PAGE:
2018-05-04 / Front Page

City sees the light

By Duke Harrington
Staff Writer

SOUTH PORTLAND – Nearly a decade after City Planner Tex Haeuser had a bright idea, the light bulb had finally gone on, not just over his head, but across the entire city.

Back in 2011, Haesuer joined with peers in Falmouth and Rockland to lead an effort to take some control over street lighting. It wasn’t the first such effort. Historically, municipalities have been limited to leasing streetlights, with the equipment actually owned and maintained by Central Maine Power.

Efforts were made in 2003 and again in 2005 to amend state law to allow cities and towns a greater say in operating the fixtures. After those to efforts stalled out, the South Portland-Falmouth-Rockland tripartite was launched with similar results. Finally, on the fourth attempt to amend lighting laws in 2013, a deal was made as part of that year’s omnibus energy bill.

But there was a hitch. Opening up the lease-only option to potential municipal ownership of street lights required that the Maine Public Utilities Commission create from scratch a process to make that happen. It took a little more than three years to iron out the details.

Now, South Portland is ready to make the leap to lighting ownership.

Bringing day to night is no cheap trick and South Portland has snuffed lights in the past to save money. In 2010 the city council voted to shut off 207 streetlights. That ended up saving money only in theory, however, as a CMP rate hike caused the city to pay $5,000 more than it had the year before, even with fewer lights. In 2011 the council agreed to dim another 184 lights. According to City Finance Director Greg L’Heureux that ended up chopping about $13,000 off the annual cost. But that was then, and prices have gone up.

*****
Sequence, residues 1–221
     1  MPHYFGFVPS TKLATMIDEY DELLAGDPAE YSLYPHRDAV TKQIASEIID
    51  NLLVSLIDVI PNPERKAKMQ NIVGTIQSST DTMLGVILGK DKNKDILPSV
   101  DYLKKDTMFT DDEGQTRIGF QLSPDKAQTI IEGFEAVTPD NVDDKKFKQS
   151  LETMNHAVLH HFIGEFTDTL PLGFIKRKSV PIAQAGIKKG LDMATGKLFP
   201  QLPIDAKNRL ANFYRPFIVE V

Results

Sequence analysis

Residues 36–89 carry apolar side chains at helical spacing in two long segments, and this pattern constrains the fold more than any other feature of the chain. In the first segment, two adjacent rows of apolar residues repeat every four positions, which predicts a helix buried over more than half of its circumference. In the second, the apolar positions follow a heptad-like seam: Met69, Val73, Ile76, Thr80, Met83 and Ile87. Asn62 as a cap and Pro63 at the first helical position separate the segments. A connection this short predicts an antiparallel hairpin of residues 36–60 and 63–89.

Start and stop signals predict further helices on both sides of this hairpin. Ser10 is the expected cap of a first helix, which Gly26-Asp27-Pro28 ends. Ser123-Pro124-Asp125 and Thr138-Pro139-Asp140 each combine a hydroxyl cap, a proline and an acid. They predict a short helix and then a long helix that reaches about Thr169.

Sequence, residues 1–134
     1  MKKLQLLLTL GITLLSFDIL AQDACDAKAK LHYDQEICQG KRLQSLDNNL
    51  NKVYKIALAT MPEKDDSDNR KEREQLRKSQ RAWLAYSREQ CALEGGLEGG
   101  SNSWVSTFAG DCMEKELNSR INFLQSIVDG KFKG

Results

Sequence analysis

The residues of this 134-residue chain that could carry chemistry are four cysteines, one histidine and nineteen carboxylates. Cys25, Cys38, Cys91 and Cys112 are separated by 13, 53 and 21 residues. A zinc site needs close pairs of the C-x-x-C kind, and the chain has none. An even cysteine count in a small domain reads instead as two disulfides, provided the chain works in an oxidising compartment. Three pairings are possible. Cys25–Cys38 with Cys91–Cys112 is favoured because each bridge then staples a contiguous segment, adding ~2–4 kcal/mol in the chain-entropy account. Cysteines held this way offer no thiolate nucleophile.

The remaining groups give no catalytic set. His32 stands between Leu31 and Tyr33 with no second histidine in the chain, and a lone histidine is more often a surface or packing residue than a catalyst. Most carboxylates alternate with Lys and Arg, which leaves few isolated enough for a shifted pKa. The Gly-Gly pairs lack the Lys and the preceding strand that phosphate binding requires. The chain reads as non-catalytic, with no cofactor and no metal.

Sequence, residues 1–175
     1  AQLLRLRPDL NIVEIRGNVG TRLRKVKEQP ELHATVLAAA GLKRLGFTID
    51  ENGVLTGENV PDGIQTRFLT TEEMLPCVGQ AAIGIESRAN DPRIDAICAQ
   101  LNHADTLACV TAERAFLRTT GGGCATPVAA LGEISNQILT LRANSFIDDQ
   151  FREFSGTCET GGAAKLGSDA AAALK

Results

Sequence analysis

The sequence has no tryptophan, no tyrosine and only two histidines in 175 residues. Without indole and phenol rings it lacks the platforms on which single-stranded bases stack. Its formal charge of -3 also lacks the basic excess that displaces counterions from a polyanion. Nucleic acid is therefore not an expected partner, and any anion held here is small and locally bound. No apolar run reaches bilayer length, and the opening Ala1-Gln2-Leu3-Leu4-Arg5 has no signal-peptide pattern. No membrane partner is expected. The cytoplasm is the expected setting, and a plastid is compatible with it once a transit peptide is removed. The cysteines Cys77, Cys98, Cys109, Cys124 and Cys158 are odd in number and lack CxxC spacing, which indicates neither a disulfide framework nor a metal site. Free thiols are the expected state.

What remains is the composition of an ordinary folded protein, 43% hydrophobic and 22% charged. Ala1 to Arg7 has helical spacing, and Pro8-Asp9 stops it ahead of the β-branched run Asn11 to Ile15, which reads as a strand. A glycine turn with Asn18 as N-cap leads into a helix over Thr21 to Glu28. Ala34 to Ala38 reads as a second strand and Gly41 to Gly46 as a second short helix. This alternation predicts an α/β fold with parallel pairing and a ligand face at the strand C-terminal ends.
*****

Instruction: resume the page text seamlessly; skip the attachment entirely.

Currently, South Portland leases roughly 1,750 high-pressure sodium and metal halide streetlights from CMP at a cost of about $18,000 per month.

At its April 17 meeting, the city council authorized buying all 1,750 lights from CMP, at a preliminary buy-out price of $216,110.

“This number is updated monthly and it is anticipated the actual sales price will be slightly less, once the final computation is completed,” said City Manager Scott Morelli.

The proposed budget for the next fiscal year, now being hammered out by city councilors, includes money for the purchase. Meanwhile, the city’s capital improvement budget for the current year included $200,000 to retrofit the lights with energy-efficient LED bulbs.

And the bottom line of ownership?

“Overall the streetlight purchase and retrofit project will save the city money, with a net savings estimated for (fiscal year 2019) of $121,500,” Morelli said.

The LED will replace the current 70-watt sodium bulbs with 30-watt LEDs, reducing the city’s electrical consumption by roughly 787,000 kilowatt hours per year. At that rate, full payback of the changeover is expected within five years.

LED lights, howver, come in enough different options that it’s not as simple as a straight swap.

The city is evaluating possible streetlight fixtures and lighting options in pilot programs at five sites. Different lighting “temperatures” can be seen at Broadway from Ocean to Cottage, on E Street, at the corner of Broadway and Westbrook Street, and Pine and Chase streets. A different fixture option can also be see on Wermuth Road in Redbank Village.

City officials are asking residents to weigh in on which options they prefer. A survey form can be found on the city website at http://www.southportland.org/ departments/planning-and-development/ street-lights/.

Staff Writer Duke Harrington can be reached at news@inthesentry.com.

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